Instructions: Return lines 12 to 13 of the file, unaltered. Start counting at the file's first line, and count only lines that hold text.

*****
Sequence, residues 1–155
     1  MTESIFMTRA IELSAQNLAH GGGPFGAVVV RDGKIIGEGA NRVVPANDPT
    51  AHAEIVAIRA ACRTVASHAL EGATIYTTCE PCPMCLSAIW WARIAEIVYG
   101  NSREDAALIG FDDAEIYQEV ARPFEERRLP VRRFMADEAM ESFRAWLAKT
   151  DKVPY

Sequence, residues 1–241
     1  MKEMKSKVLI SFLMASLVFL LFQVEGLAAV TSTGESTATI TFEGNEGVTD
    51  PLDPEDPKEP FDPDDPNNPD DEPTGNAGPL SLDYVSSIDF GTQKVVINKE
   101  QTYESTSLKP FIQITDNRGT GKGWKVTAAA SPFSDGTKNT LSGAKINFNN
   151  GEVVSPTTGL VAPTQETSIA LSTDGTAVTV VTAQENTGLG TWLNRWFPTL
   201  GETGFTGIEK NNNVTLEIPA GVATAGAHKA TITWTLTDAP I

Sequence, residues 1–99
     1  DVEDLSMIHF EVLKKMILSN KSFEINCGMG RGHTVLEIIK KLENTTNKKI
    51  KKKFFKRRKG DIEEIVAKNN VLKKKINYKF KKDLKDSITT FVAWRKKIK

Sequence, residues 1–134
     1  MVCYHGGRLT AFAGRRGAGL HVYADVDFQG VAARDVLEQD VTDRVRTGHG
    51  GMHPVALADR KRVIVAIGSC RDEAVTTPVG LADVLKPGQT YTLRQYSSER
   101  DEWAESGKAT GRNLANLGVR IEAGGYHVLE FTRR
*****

Sequence, residues 1–99
     1  DVEDLSMIHF EVLKKMILSN KSFEINCGMG RGHTVLEIIK KLENTTNKKI